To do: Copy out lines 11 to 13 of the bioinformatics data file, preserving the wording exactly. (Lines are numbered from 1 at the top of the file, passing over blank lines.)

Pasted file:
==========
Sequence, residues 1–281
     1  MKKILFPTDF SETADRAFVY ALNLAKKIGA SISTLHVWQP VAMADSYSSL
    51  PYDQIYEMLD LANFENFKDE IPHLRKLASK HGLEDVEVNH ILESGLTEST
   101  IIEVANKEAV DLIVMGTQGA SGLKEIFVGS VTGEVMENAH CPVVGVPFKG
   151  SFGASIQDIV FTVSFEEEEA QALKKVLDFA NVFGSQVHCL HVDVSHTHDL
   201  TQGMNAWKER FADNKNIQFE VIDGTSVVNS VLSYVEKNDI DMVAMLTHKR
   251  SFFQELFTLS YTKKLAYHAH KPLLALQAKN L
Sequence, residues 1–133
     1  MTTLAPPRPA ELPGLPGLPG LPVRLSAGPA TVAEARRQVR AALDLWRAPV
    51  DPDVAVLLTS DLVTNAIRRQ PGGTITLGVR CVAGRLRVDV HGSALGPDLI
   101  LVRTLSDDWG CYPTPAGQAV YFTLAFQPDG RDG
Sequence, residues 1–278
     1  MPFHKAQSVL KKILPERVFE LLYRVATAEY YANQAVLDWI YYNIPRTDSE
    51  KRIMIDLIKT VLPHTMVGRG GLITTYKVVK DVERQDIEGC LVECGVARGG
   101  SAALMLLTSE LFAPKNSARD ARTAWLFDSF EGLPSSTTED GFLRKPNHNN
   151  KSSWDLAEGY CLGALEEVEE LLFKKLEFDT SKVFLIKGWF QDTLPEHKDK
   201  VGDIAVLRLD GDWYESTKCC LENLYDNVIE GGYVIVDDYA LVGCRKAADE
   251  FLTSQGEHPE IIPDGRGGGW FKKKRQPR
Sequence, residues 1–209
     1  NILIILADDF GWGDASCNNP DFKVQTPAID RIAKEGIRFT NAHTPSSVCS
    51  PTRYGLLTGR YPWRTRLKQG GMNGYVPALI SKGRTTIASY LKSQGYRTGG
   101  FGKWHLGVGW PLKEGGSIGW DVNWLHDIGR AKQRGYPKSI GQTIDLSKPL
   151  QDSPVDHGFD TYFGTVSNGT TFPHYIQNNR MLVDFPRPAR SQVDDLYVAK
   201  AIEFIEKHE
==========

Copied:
   101  LVRTLSDDWG CYPTPAGQAV YFTLAFQPDG RDG
Sequence, residues 1–278
     1  MPFHKAQSVL KKILPERVFE LLYRVATAEY YANQAVLDWI YYNIPRTDSE